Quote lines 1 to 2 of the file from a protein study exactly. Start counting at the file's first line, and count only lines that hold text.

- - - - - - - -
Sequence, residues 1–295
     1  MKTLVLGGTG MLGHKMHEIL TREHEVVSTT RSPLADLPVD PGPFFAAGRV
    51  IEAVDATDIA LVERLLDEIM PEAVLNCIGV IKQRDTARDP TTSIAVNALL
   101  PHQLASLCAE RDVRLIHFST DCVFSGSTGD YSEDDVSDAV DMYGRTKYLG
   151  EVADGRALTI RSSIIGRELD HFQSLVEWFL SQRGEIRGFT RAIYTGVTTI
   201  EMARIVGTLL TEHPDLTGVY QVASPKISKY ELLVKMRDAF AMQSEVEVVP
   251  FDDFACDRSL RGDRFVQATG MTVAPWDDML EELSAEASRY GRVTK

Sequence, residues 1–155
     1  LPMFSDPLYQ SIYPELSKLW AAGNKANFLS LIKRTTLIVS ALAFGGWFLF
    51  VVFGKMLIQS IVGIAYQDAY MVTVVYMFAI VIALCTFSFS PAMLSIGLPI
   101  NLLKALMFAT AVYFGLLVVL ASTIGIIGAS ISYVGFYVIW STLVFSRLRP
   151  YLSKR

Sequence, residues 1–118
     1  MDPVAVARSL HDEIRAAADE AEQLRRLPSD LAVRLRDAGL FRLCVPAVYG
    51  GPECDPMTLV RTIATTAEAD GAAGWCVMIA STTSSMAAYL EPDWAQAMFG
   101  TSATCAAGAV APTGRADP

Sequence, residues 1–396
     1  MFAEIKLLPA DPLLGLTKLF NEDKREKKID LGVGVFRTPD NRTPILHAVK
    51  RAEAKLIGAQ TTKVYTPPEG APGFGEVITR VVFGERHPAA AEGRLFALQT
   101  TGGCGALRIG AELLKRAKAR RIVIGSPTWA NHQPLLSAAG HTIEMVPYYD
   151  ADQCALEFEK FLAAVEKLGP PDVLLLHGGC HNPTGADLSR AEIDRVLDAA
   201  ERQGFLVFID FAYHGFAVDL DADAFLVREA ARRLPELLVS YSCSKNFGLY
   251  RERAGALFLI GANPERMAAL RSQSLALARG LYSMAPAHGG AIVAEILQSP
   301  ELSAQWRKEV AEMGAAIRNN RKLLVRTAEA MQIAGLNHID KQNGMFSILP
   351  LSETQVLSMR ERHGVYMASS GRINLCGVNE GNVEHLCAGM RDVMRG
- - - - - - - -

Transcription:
Sequence, residues 1–295
     1  MKTLVLGGTG MLGHKMHEIL TREHEVVSTT RSPLADLPVD PGPFFAAGRV